The poetry of ruins (room 4)
One of the great passions shared by travellers and scholars during the eighteenth century was archaeology, which was fuelled by the discoveries of Herculaneum and Pompeii and by that of Paestum. This interest spurred the painting of places and temples such as that of Neptune at Paestum by Antonio Joli and the depiction of the ancient world through ruins shown from many different angles—ruins invented and rendered as stage sets, timeless and frozen under an intense, cold light by Marco Ricci; ruins that inspire scholarship, thought and contemplation of Antiquity in the work of Panini; and even ruins as a future project, an underlying aspect of the output of Hubert Robert, an artist who extracts the most sublime aspects of stones.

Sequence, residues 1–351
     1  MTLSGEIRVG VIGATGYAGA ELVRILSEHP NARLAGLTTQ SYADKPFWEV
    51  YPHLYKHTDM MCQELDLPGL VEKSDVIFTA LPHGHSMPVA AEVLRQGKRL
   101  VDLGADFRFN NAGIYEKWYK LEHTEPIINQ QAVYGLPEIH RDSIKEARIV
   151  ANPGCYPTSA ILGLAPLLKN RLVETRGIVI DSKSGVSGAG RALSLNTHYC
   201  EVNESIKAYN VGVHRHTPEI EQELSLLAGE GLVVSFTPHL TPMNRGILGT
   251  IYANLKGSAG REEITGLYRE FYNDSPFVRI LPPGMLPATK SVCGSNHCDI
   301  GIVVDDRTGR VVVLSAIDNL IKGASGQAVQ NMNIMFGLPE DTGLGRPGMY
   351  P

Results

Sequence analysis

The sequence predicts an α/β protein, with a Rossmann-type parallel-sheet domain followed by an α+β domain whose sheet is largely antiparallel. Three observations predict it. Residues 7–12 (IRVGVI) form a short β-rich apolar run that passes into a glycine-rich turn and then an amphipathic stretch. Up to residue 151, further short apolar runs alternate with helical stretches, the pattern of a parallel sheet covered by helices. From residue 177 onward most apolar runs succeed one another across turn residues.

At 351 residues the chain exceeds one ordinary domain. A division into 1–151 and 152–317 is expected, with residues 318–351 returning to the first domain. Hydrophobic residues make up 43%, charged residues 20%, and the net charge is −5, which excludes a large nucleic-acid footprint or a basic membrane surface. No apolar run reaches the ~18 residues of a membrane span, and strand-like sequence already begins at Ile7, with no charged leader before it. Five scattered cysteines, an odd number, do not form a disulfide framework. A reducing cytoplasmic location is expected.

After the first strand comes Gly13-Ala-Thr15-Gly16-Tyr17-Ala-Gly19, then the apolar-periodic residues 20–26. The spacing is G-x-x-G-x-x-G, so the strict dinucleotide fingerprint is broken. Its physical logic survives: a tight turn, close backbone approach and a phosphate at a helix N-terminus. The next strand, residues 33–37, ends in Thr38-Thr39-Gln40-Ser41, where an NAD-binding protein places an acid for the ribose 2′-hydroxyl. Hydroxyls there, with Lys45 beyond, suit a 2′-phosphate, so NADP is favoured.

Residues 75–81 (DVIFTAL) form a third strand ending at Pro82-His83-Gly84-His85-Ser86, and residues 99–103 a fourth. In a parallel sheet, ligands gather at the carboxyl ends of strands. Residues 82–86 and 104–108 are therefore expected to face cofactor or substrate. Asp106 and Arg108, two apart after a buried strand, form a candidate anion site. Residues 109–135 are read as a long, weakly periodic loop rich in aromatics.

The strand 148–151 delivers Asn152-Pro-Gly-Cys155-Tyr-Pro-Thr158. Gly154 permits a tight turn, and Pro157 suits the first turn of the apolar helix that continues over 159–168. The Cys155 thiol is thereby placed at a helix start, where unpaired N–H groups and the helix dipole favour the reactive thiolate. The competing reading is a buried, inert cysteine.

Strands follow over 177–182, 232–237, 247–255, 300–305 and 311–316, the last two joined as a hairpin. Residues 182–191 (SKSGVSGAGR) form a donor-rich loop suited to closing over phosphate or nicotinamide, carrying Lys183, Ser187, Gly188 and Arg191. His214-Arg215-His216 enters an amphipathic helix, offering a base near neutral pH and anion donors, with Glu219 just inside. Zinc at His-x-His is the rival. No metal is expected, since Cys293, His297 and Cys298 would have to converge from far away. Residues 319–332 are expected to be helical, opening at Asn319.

Hubert Robert (Paris, 1733-1808) Architectural Caprice with Bridge and Arch
- Oil on canvas
- 106 x 139 cm
- England, Co. Durham, The Bowes Museum; inv. BM. 264